Water and energy have a symbiotic relationship. Energy is needed to move water to people and businesses. Water, in turn, is necessary to produce energy.
Of course, different types of energy require varying levels of water use. Take electricity generation as an example. For the United States, electricity generation in 2014 came from the following sources: 38% from coal, 27% from natural gas, 19.5% from nuclear, 6% from hydropower, close to 7% from non-hydro renewables, and the remainder from a collection of smaller sources.
But those sources of electricity use water at very different rates. The chart on the next page, using data from a new report by the U.S. Geological Survey, details how water-intensive electricity generation is, measured in liters of water needed to generate one kilowatt-hour of electricity.
One significant factor that determines the ultimate volume of water a power plant needs is its cooling system. Most conventional power plants use either a “once-through” system or a cooling “tower.” A once-through system pulls water from a river or a lake, cycles the water through the power plant to help generate electricity, and then discharges it back into the environment. In contrast, a tower recirculates the water instead of discharging it. But towers end up using 30% to 70% more water because the water ends up being lost through evaporation, whereas the once-through system returns the water to the river or lake.
However, it should be noted that once-through systems likely have higher levels of consumption than can be measured, because the higher temperature for the discharged water raises the temperature of the river, resulting in higher evaporation downstream that isn’t accounted for.
Because returning hotter water back into a river can have harmful effects on plant and wildlife, federal regulations beginning in the 1970s have ensured that most modern power plants use towers.
Based on the data, nuclear power and natural gas steam generation use the most water to generate a single kilowatt-hour of electricity. Natural gas uses quite a bit of water in the drilling phase (see: fracking), which makes it more water-intensive than coal. But natural gas combined-cycle (CC) plants are much more efficient.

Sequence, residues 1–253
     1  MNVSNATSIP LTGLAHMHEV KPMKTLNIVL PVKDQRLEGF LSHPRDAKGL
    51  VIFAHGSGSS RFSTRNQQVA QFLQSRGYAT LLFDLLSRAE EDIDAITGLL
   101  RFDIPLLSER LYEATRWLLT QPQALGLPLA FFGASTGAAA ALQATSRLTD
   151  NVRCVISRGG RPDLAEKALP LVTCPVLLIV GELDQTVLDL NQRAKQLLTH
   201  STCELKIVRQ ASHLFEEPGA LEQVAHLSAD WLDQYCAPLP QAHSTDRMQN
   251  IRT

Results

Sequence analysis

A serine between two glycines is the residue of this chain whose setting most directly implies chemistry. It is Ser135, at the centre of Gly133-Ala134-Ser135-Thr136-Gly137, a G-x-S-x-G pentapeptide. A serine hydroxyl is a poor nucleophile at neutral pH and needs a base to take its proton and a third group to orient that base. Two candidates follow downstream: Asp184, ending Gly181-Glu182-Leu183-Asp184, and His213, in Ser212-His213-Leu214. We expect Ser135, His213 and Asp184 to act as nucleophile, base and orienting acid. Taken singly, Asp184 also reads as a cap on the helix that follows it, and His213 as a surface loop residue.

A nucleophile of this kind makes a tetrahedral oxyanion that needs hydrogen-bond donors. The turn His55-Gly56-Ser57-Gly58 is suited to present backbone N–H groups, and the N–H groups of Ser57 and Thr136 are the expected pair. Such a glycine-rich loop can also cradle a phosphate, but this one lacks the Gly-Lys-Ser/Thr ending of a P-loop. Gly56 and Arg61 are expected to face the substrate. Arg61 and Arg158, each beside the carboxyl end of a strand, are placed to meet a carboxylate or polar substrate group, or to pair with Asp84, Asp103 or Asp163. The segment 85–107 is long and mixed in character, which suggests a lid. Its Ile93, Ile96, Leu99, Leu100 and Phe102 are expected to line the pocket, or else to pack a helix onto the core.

Nuclear power has some unique water needs that other sources do not. Aside from power generation, nuclear plants must use a lot of water to keep spent fuel rods from overheating. Fuel rods sit in pools of water for years in order to cool down. Still, while coal uses less water on a per-kilowatt-hour basis, it accounts for a higher share of the electricity market, so it uses more overall water than nuclear or natural gas.
Biomass, although not a large source of electricity, is also water-intensive. That is because in addition to generating power, water must go into growing the crops. Hydropower, as its name suggests, is relatively water-intensive as well.
Wind and solar photovoltaics stand alone as sources of electricity that use negligible levels of water to generate electricity.
Water use is rarely the top concern for utilities when they are building new power plants. But that will likely change, at least in areas that are seeing water availability shrink and temperatures rise.
For example, in 2011 Texas suffered through its worst drought on record, with 100 days of temperatures in the triple digits. Higher temperatures increased electricity demand by 6% and water demand by 9%. With reservoirs running low, Texas was forced to build a water pipeline to find a new source of water for the Luminant coal-fired power plant to stay online. Or look at the Browns Ferry Nuclear Power Plant in Alabama, which had to curtail generation several times between 2007 and 2011 because temperatures in the Tennessee River exceeded federal limits.
Or look to California, where the ongoing drought has reached a crisis point. San Diego is looking to the Pacific for water. The $1 billion Carlsbad Desalination Project aims to produce 50 million gallons of fresh water per day from the seas, enough to supply water for 300,000 people. That could ease the water problems for the SoCal city. But desalination plants will also require a lot of energy. The Carlsbad Desalination Project will run on natural gas.
Originally written for OilPrice.com, a website that focuses on news and analysis on the topics of alternative energy, geopolitics, and oil and gas. OilPrice.com is written for an educated audience that includes investors, fund managers, resource bankers, traders, and energy market professionals around the world.